A Bill for the Consideration of the Pennsylvania State Legislature

Introduction: My Claim to Standing in Pennsylvania

I grew up in Pennsylvania. Graduated from elementary and high schools in Philadelphia. So even though I have been away from the Keystone State for 58 years, I think I have some (albeit shaky) standing to suggest a bill. Not that I want to introduce it, of course, or that I’m asking that it bear my name. No, I’m not seeking glory here. 

I intend to send this essay to Pennsylvania state legislators. Hopefully someone will adopt the basic idea and introduce such a bill. If it or one like it passes, I’ll be happy to come up from Florida for the signing ceremony. I’ll even pay my own travel expenses. 

Two Infamous Legislative Resolutions

What set me on this path was reading about two bills introduced in Harrisburg this week, namely, HR 17 and HR 51. The former proclaims April 30, 2013 as National Fast Day; the latter identifies May 2 as a National Day of Prayer

Well, guess what? The State of Pennsylvania does not get to name national days of anything, not even a national day of Look at Us – We’re Acting Like Fools Day. But, to propose a bill of the nature of HRs 17 and 51 is contemptible, vile, egregious, grotesque and not even nice.  

What a crock. What would William Penn think of such resolutions? Why were the guilty parties who sponsored these bills not hooted down, or better yet, censored for ignoring sworn commitments to uphold state and national constitutions? Why haven’t the people of Pennsylvania initiated a recall campaign? Both bills disgrace the state, not only because they were introduced at all and accepted into the public record but, far worse, because they passed overwhelmingly. Holy theocracy

Doesn’t anyone in that legislative body care to defend our secular Republic? What’s next? A resolution naming Pennsylvania a Christian State? A morality amendment to that state’s constitution outlawing abortion, banning all forms of sex education, calling for mandatory prayers in public schools, banishing the words evolution and science, declaring homosexuality a choice linked with removal of civil rights for gays and lesbians? How about a supremacy bill declaring the laws of God superior to those of man?  

Of course states cannot pass laws that inhibit rights guaranteed by the U.S. Constitution, but this detail does not seem to cool the ardor of political religious fundamentalists. 

A Dreadful Prognostication Coming to Pass? 

These and other legislative initiatives are found in Steven Jonasfictional non-fiction novel, The 15% Solution. This futuristic masterwork describes how the Republican Religious Right, over a period of several decades, transformed America into a fascist Christian nation. Horrific stuff, but plausible based upon factual events leading up to our present time – and thereby even more unsettling. This is especially the case because of the aggressive Christian offenses against secular decencies seen in Pennsylvania’s HR 17 and 51.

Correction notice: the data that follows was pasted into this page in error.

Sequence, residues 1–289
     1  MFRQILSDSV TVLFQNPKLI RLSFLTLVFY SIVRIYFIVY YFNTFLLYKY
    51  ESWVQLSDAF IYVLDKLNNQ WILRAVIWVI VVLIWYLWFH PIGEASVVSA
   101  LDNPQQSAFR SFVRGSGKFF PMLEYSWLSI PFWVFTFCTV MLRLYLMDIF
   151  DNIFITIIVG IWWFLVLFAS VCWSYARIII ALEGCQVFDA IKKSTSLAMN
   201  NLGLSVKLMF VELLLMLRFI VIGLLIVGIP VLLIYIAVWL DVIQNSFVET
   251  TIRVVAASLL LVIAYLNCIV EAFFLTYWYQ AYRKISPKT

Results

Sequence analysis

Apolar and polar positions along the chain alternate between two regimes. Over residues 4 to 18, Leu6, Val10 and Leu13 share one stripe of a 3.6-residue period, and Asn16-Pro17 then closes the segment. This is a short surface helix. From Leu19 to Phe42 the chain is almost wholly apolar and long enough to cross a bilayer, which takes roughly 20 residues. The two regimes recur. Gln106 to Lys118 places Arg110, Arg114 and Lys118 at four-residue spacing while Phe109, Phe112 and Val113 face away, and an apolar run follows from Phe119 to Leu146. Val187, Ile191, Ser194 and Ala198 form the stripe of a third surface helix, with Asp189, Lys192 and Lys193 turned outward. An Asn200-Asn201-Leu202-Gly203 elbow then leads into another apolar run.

Perhaps some of these state legislators actually read Dr. Jonas’ newly reissued and updated book. Perhaps, despite the author’s intent of warning us against such a possibility, these Pennsylvania Right Wing Republican politicians thought everything the fictional Christians accomplished with their 15% solution to bring about a fascist Christian state were in fact capital ideas. Perhaps the future that Dr. Jonas warns us against represents a wet dream kind of consummation devoutedly to be wished by Pennsylvania legislators. It could be that Dr. Jonas unintentionally set these maniacs into a religious frenzy. Perhaps the prayer and fasting resolutions are harbinger initiatives designed to get the righteous ball rolling.  

These people are worse than ignorant. They are enemies of the state. They are insurrectionists, fundamentalist ideologues who might be serious about overthrowing the government, albeit in non-violent ways, at least so far. Let me get into the spirit of things in dealing with these holy roller pols and smite them a bit, with their own style righteous warning, modified as somewhat sensible, slightly modified biblical wrath. While this is not found in Romans 1:18, it’s close enough – they should get the basic idea: For the wrath of the people is revealed from the ballot box against all godliness and religious righteousness of men, who by their unrighteousness suppress the true nation of our society.